- "Such Federal cause of action shall be brought only for claims for injuries that are proximately caused by sellers that provide qualified anti-terrorism technology to Federal and non-Federal government customers." The lawsuit can only address injuries which result from the anti-terrorism technology's use, not the terrorist act itself. Thus, a barrier maker can be responsible for injuries sustained because of the barrier, but not because of a bomb. (a very simplistic example)

- "No punitive damages intended ... may be awarded". This is huge, because it eliminates one of the major risks of litigation for corporate defendants and allows corporate executives to calculate litigation risk much more accurately. It also takes away a major bargaining chip of the plaintiff. In cases where there might be egregious conduct by the defendant-corporation, it may deprive the plaintiff of a remedy that he/she would normally have. There are other damages provisions which also substantially reduce the risk of a big payout for corporate defendants in the Act, particularly in the area of non-economic damages (i.e. damages for losses for physical and emotional pain, suffering, inconvenience, physical impairment, mental anguish, disfigurement, loss of enjoyment of life, loss of society and companionship, loss of consortium).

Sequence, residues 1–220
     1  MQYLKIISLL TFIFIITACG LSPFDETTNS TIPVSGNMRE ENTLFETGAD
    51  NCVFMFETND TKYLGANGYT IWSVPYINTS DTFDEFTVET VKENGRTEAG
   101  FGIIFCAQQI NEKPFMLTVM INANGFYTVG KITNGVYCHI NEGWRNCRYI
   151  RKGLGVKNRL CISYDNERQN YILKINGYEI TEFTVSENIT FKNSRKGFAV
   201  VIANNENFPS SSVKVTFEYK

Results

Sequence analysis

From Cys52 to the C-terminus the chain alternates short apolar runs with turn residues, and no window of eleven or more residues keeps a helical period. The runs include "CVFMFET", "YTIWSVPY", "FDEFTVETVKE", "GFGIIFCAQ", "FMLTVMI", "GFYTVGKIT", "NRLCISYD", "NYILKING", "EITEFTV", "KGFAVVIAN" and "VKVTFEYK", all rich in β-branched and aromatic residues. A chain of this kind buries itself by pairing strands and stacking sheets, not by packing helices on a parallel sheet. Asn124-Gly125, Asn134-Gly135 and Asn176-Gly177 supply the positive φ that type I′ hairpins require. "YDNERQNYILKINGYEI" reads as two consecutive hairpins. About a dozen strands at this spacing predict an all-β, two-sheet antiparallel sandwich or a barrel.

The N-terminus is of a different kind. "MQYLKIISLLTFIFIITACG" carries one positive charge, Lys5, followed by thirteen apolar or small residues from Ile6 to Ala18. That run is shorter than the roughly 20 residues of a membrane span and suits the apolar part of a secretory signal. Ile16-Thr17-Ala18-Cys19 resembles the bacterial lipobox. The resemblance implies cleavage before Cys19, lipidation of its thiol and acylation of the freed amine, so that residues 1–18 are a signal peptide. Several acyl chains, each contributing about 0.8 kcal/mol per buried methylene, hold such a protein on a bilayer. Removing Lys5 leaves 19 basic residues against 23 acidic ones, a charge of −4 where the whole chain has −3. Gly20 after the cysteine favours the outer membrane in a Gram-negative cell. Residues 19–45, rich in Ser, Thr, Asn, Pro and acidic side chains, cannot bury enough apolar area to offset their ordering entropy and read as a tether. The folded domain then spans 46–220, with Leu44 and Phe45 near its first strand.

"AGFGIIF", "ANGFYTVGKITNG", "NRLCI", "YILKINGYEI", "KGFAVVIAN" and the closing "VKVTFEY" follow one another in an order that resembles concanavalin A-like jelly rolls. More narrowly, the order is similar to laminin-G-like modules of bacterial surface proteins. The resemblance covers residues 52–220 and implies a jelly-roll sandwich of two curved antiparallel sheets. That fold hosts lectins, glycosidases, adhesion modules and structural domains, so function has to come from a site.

- "Any recovery by a plaintiff in an action under this section shall be reduced by the amount of collateral source compensation". Okay, so I'm intrigued by this part because I just covered Torts in my bar review class. But this is very significant, because in most litigation the collateral source rule works exactly the opposite. That is, the defendant cannot take advantage of plaintiff's insurance by having the damages offset by the amount of insurance money. Again, this substantially reduces the potential liability of a corporate defendant here, because many plaintiffs will have some kind of insurance (health, life or other) that will compensate them in any kind of terrorist attack.

- "Should a product liability or other lawsuit be filed ... there shall be a rebuttable presumption that the government contractor defense applies in such lawsuit. This presumption shall only be overcome by evidence showing that the Seller acted fraudulently or with willful misconduct in submitting information to the Secretary..." If the contractor's system was certified, and if the contractor complied with the specs of that certification, there can be no liability according to the "government contractor" defense.
Those are a few of the most important provisions in the SAFETY Act. There are also regulations implementing this Act which define these terms in more detail and explain exactly how it shoudl be applied. But for the most part, all we really need to know as citizens is that it gives extensive litigation immunity to companies that 1) get certified by DHS and 2) make an anti-terrorism system that 3) is deployed at the time/place of a terrorist attack.